Catalan Government starts refunding drug prescription fee after Constitutional Court ban
The fee that was temporarily charged on each drug prescription in Catalonia between June 2012 and January 2013 has started to be refunded by the Catalan Government, after the Constitutional Court definitively banned it in May 2014. The decision came after an appeal from the Spanish Government, despite the People Party (PP) initially having supported the measure in spring 2012. However, after the Catalan Government started to back independence from Spain in autumn 2012, the PP decided to oppose the drug prescription fee. The measure had been adopted to reduce pharmaceutical spending, with the final goal being to reduce public deficit. In the short period the fee was in place, €45.7 million was directly earned but much more was saved, since drug spending dropped by around 23%. According to the Catalan Government's calculations, so far 100,000 euros has already been returned to approximately 5,000 people and about €6 million will be returned in total. So far, 300,000 people have filed the request, with an average of €20 per person.
Barcelona (ACN).- The fee that was temporarily charged on each drug prescription in Catalonia between June 2012 and January 2013 has started to be refunded by the Catalan Government, after the Constitutional Court definitively banned it in May 2014. The measure, which included many exceptions for chronic diseases and people on low incomes, as well as a 61-euro annual limit, had been adopted to reduce superfluous drug demand in order to decrease the pharmaceutical spending of the public healthcare system, with the final goal being to reduce public deficit and help balance the budget, in a context of great economic crisis and pressure from the EU institutions and financial markets. In the short period the fee was in place, €45.7 million was directly earned but much more was saved, since drug spending dropped by more than 20% for the months it was in place (by 23.9% in November 2012, for instance).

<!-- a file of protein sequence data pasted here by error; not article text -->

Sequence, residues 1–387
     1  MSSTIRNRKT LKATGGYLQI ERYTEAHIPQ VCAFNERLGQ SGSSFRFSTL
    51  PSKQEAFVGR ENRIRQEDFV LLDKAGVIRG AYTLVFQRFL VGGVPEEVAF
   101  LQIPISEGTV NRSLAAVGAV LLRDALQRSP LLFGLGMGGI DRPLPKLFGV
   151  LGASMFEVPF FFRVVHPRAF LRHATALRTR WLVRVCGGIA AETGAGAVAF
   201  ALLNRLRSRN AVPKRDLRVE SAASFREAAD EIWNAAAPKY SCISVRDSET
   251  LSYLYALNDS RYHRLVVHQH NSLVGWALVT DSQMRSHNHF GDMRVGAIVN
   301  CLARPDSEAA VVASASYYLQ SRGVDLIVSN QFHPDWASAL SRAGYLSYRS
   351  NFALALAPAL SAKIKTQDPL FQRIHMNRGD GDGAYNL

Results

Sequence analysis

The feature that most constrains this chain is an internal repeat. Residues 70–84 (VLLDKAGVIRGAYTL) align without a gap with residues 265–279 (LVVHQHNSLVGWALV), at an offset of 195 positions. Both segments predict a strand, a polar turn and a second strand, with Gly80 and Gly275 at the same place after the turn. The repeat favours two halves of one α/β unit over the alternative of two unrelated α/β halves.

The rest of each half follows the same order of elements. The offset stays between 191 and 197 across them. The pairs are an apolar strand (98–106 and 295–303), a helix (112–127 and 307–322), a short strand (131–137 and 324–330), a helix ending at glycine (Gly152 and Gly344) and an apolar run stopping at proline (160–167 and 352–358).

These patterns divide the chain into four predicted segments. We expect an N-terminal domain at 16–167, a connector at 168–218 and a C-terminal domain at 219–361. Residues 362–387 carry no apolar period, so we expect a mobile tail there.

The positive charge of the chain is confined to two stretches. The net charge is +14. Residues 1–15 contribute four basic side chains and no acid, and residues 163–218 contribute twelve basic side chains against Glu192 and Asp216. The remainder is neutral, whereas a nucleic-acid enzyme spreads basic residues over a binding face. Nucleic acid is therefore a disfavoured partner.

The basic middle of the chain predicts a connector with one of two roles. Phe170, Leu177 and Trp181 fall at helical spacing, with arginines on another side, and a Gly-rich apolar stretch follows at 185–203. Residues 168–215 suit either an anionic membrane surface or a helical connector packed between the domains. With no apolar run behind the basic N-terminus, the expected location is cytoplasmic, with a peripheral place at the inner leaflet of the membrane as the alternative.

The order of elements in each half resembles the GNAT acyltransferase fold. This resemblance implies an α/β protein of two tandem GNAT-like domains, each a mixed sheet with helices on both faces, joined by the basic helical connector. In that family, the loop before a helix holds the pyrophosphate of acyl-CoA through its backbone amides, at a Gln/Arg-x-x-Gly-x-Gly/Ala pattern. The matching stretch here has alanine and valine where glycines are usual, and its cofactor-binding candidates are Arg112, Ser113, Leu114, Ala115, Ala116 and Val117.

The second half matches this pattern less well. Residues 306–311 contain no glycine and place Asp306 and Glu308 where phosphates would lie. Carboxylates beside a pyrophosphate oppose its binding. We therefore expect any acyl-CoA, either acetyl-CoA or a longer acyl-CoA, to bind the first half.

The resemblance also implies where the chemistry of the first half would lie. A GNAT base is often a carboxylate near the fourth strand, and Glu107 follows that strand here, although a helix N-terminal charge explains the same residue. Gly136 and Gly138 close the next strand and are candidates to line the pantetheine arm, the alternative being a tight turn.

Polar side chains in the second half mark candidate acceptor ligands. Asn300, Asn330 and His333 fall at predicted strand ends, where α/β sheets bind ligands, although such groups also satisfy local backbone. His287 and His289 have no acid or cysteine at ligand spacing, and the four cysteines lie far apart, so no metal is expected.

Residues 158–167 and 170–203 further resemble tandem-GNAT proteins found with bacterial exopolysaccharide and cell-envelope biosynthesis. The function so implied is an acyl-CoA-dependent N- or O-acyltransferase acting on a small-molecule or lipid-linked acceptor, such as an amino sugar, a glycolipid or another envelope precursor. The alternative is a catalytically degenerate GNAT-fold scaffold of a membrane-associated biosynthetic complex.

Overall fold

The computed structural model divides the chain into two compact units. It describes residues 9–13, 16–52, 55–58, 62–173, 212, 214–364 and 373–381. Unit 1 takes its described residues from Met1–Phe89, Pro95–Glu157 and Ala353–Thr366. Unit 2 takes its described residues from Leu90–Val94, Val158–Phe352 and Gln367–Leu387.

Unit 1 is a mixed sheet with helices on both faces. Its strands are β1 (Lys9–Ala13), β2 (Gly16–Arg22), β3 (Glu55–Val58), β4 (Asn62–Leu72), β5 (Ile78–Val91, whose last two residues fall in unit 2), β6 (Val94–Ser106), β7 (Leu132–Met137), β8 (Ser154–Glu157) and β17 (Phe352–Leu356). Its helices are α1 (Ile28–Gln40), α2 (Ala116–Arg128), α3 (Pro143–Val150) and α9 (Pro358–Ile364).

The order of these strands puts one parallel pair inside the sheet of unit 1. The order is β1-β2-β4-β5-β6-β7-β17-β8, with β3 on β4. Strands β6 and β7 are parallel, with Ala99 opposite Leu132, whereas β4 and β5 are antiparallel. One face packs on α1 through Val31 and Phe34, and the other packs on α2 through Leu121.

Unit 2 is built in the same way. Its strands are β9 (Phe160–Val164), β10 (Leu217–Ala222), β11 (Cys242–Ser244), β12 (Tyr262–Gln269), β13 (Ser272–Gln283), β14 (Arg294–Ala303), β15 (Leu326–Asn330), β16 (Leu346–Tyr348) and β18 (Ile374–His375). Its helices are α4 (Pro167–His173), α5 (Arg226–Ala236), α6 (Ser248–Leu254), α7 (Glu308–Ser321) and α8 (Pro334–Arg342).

The decision to ban the measure was temporarily adopted in January 2013 by the Constitutional Court, when it accepted an appeal from December 2012 filed by the Spanish Government, run by the People's Party (PP). The PP had initially supported the approval of the measure in Catalonia in spring 2012 but, after the Catalan Government started to back self-determination and independence from Spain in autumn 2012, the conservative and Spanish nationalist party decided to oppose the drug prescription fee as part of its retaliation actions, framed within a global confrontation and recentralisation strategy.
In fact, in the last two-and-a-half years, the Spanish Government has totally opposed almost all the measures and initiatives taken by the Catalan Government, using to a great extent the Constitutional Court, and has increased the recentralisation of powers, reducing the autonomy of the Catalan Executive. However, the drug prescription fee had been quite a controversial measure, rejected by all the opposition parties (including now the PP).
The Catalan Government expects to return €6 million
According to the Catalan Government's calculations, so far 100,000 euros has already been returned to approximately 5,000 people, who requested the refund of about €20 per person on average. Furthermore, the Executive plans that about €6 million will be returned in total. So far, 311,000 people have filed a request, 160,000 of which are already in the process of being refunded. Around 400 requests have been rejected.